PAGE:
The north is warming, and many of the Inuit mentioned the thicker, higher brush compared to previous decades. Comparing old photos with my observations, it’s true and it’s rampant. Plan accordingly.


Last edited by chad9477 on September 12th, 2018, 3:34 pm, edited 1 time in total.

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PostPosted: September 11th, 2018, 6:50 pm 
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Joined: December 19th, 2011, 4:44 pm
Posts: 520
Location: Waterloo, ON
Killer trip. Beautiful country. I've spent my life paddling and backcountry tripping, though so far I've never made to the 'far north'...that is, north of the tree line. It's on my bucket list, and your trip report just gave me one more reason to plan that arctic adventure. Cheers!

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PostPosted: September 12th, 2018, 2:35 pm 
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Joined: June 20th, 2001, 7:00 pm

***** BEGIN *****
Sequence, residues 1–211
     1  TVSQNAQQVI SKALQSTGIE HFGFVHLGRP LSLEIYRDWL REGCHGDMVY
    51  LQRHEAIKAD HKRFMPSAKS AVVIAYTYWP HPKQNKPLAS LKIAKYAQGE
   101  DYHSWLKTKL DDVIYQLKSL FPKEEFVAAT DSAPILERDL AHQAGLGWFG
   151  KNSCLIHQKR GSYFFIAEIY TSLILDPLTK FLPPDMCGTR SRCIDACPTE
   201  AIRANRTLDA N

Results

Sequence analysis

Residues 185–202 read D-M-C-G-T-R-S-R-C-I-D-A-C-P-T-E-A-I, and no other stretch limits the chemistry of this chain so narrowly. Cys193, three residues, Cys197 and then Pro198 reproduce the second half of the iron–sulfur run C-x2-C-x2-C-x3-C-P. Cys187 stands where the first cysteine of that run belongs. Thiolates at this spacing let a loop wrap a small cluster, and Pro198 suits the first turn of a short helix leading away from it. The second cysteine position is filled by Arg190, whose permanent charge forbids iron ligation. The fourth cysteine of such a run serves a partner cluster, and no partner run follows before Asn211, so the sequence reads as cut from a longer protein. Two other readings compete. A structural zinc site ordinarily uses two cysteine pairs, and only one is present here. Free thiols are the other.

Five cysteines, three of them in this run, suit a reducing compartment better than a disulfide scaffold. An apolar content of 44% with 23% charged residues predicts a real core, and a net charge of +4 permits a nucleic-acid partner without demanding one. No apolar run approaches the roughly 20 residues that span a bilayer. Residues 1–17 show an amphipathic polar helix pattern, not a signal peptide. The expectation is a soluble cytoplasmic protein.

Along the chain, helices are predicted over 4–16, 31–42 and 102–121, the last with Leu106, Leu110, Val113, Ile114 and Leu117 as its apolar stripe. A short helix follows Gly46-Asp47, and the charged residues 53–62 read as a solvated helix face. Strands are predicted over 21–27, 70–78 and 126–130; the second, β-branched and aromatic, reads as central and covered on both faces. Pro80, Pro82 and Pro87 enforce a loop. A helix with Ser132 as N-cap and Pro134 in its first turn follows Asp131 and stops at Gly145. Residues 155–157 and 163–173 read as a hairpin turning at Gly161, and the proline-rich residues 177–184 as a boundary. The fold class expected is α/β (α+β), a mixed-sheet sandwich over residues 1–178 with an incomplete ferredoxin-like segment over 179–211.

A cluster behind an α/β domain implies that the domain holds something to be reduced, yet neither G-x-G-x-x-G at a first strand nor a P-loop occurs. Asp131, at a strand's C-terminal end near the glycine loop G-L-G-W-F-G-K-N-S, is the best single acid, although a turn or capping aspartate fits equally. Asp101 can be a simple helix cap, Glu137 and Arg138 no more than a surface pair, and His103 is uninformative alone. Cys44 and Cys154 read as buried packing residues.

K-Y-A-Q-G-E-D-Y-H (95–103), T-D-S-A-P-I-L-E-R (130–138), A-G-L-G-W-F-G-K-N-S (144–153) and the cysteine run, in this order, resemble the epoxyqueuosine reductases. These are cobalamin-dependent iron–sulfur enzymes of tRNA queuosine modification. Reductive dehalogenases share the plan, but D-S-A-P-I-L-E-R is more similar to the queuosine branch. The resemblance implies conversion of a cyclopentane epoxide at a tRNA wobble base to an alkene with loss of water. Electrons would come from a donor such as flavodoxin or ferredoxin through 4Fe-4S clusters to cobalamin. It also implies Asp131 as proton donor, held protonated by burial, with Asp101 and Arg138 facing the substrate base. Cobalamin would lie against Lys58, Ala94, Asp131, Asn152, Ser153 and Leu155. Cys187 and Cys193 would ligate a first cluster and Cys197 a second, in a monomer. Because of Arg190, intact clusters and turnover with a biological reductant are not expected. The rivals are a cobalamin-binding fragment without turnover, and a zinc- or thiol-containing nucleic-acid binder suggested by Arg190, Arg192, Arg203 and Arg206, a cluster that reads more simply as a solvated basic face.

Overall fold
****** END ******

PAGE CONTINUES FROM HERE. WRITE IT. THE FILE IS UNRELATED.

Posts: 3303
Location: Toronto, Ontario Canada
Quote:
far less a barely five-year-old Canadian national park


Nice info on that part of Northern Quebec.

I just want to clarify one thing, Tursujuq National Park is not a "Canadian" park but rather a Quebec park. The province deserves the credit for these parks, it should not mistakenly be given to Canada's actual National Park system.


Quebec National Parks
https://www.sepaq.com/pq/

Parks Canada
https://www.pc.gc.ca/en/pn-np

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PostPosted: September 12th, 2018, 3:35 pm 
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Joined: May 24th, 2007, 5:43 pm
Posts: 30
Location: Maryland
Quote:
Tursujuq National Park is not a "Canadian" park but rather a Quebec park


Thanks, fixed.